This Note analyzes the scope of appellate review that should be accorded to a trial judge's determination of nonobviousness. Part I details the condition of nonobviousness and how it has evolved into the principal obstacle to patentability. Part II analyzes the Supreme Court and appellate precedents on the scope of review on this issue. Part III evaluates the policy underpinnings of Rule 52(a) and applies a two-pronged analysis to the nonobviousness requirement to determine whether the clearly erroneous standard of review is appropriate. This Note concludes that the treatment of the nonobviousness determination as a question of law cannot be justified on either analytical or policy grounds, and should be treated as a question of fact subject to the clearly erroneous standard.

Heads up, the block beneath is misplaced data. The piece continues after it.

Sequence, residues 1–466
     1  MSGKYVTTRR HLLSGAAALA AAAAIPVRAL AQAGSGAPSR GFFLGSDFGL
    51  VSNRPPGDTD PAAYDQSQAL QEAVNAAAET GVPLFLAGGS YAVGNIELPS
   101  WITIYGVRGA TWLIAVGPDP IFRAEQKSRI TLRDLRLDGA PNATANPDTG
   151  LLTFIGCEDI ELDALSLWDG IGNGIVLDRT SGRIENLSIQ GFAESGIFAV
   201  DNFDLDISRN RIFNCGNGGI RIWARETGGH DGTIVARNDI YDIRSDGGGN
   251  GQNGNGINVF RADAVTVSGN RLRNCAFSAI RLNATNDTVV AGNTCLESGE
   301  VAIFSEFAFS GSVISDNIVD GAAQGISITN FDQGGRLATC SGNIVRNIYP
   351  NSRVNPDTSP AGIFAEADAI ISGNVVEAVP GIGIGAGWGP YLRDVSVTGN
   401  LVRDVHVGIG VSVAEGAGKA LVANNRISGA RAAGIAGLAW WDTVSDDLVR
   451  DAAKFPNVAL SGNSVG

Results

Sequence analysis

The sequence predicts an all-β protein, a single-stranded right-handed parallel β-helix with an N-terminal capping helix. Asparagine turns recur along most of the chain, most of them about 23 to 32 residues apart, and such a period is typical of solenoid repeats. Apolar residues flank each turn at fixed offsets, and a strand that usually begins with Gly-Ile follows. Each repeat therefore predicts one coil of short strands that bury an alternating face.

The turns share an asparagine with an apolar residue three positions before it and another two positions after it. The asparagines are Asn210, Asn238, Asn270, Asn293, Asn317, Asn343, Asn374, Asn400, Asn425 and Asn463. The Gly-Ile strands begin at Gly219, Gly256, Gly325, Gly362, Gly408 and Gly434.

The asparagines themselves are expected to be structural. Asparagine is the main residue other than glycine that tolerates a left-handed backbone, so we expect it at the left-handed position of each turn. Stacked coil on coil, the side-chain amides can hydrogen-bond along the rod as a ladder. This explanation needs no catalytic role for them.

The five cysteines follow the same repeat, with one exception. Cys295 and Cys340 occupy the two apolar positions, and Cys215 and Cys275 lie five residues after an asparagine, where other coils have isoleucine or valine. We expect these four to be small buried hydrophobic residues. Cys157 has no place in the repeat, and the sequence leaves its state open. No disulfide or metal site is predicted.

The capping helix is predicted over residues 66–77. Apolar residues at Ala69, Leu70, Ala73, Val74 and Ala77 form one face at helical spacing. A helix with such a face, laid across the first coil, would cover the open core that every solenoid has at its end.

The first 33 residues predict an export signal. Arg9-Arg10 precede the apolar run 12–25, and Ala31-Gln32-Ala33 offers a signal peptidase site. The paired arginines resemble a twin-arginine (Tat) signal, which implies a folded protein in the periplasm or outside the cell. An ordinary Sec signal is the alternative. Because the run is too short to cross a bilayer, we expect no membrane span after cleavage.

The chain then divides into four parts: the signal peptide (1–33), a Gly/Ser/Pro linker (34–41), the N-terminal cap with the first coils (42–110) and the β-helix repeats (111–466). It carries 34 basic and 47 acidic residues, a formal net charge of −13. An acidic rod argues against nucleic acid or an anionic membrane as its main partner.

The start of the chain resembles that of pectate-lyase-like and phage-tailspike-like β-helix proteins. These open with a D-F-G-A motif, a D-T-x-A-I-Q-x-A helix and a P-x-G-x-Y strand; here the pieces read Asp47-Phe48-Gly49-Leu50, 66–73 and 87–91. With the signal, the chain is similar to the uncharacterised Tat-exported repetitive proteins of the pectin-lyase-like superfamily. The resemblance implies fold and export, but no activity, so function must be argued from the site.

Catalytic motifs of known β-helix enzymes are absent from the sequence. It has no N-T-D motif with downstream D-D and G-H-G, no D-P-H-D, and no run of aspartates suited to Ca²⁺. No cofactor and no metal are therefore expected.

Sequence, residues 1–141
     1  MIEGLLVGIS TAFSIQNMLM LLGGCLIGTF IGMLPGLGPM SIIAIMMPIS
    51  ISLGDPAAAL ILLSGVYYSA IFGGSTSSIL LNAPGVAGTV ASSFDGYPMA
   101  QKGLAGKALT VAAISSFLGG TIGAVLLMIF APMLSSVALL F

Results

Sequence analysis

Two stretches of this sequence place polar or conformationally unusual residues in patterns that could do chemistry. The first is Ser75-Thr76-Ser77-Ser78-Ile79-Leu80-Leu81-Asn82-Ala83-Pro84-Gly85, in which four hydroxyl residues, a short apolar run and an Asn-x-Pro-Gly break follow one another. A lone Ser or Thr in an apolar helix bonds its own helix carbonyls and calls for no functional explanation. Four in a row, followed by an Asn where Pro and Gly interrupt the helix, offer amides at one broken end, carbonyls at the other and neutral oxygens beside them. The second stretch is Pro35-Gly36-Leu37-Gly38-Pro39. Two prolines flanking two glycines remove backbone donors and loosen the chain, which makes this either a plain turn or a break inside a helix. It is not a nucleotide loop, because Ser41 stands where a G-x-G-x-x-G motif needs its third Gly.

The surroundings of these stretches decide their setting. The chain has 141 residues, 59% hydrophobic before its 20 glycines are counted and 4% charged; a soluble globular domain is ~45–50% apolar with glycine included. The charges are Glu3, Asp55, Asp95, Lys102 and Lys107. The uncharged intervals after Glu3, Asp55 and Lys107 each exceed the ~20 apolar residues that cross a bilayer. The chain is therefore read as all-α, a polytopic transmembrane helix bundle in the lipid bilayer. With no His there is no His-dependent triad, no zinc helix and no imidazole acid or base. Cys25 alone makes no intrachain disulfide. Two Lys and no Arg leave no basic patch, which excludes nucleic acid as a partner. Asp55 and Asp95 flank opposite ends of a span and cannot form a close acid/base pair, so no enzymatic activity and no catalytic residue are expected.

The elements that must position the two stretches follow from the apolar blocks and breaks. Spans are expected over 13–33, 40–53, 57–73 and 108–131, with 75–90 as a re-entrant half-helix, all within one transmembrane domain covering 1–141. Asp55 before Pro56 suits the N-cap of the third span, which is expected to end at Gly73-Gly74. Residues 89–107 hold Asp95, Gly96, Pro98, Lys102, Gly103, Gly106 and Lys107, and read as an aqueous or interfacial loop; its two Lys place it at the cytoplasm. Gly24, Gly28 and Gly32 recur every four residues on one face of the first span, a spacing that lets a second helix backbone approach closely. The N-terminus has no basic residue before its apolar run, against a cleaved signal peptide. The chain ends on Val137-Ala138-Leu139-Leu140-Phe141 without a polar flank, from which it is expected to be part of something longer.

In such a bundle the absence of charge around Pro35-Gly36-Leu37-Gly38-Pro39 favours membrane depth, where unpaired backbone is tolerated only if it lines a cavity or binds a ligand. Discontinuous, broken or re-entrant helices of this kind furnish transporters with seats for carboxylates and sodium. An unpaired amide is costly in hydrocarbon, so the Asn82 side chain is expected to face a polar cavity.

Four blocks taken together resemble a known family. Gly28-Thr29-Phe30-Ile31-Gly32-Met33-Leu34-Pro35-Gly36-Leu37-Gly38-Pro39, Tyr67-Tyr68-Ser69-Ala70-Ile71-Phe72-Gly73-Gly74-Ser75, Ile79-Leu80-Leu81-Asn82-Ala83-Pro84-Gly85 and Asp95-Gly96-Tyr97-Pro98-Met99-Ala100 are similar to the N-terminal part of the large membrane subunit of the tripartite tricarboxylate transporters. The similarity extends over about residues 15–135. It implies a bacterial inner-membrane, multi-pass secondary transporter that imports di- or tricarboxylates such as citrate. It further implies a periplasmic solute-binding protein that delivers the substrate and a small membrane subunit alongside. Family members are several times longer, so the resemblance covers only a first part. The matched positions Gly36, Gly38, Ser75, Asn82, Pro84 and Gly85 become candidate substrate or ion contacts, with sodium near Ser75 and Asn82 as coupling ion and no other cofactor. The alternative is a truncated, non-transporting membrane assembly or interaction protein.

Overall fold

Bradley G. Lane,
A Proposal to View Patent Claim Nonobviousness from the Policy Perspective of Federal Rule of Civil Procedure 52(A),
U. Mich. J. L. Reform
Available at: https://repository.law.umich.edu/mjlr/vol20/iss4/9